Oscar winners Lily Tomlin, Jane Fonda, Rita Moreno, and Sally Field are transformed into Tom Brady superfans in 80 for Brady, Kyle Marvin's comedy about four older women who descend on the 2017 Super Bowl to support their beloved New England Patriots. Audiences are loving the film, loosely based on a true story, giving it a 91% rating on Rotten Tomatoes, while critics (65%) are less enthused. Here's what they're saying:
- It's no masterpiece, but it's "brassy, ridiculous, and shameless” and "also irresistible, maybe because watching older ladies having fun is almost embarrassingly seductive," writes Stephanie Zacharek at Time. With "a kind of vitality that supersedes most accepted notions of what a 'good' movie should be," it "speak[s] of the possibility of renewal at any age, and reaffirm[s] the value of good friendships, both new and enduring."
- Less amused is Mark Kennedy at the AP, who gives the film just half a star out of four. "Don't tell us you're empowering older people by making them dance The Twist to get past security into the Super Bowl," he writes, arguing "a quartet of our finest actors … are sacrificed for cheap laughs and unearned poignancy. And Brady, an executive producer, sullies one of his greatest triumphs"—that "astonishing come-from-behind win" in 2017.
- Brian Truitt gives the film 2.5 stars out of four, due in part to its "fun energy." There are "nursing-home breakouts, accidental drug use, hot wing contests and so much awkward dancing," which is all a bit "far-fetched." But he wishes the film went even further. As he writes at USA Today, "Leaning into something bonkers like The Hangover … would have been better than simply veering into familiar sports-movie territory." At least Brady "does a solid job playing himself." He can even "make you cry."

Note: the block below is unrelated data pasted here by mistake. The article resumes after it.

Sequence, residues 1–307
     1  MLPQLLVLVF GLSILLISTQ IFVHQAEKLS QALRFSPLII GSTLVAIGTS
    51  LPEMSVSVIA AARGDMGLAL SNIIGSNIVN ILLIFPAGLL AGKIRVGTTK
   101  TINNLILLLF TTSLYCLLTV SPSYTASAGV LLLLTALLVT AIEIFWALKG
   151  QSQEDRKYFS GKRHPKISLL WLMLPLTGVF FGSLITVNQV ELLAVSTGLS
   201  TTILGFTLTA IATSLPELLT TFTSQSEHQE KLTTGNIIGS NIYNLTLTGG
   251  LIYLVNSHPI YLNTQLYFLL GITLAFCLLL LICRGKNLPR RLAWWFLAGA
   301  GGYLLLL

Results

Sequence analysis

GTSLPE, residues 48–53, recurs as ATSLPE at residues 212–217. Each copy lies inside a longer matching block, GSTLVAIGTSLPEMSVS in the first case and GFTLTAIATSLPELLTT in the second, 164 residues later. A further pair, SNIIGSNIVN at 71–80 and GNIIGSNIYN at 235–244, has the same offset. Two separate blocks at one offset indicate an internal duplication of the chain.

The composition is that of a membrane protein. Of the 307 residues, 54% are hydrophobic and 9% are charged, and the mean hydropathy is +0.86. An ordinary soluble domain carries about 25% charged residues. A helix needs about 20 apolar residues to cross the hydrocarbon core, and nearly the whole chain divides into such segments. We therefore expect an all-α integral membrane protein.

- "Good company is the name of the game … but for all its congenial upbeatitude, this salute to blue-hair camaraderie has been molded into the shape of a movie without much finesse," writes Charles Bramesco at the Guardian. "Writers Sarah Haskins and Emily Halpert do a fair job balancing the softball humor of oldsters behaving in ways unbecoming of their years with a respectful empathy for a neglected demographic," but the film has "odd ends weakening it as cinema" as well as "aggressive product placement."
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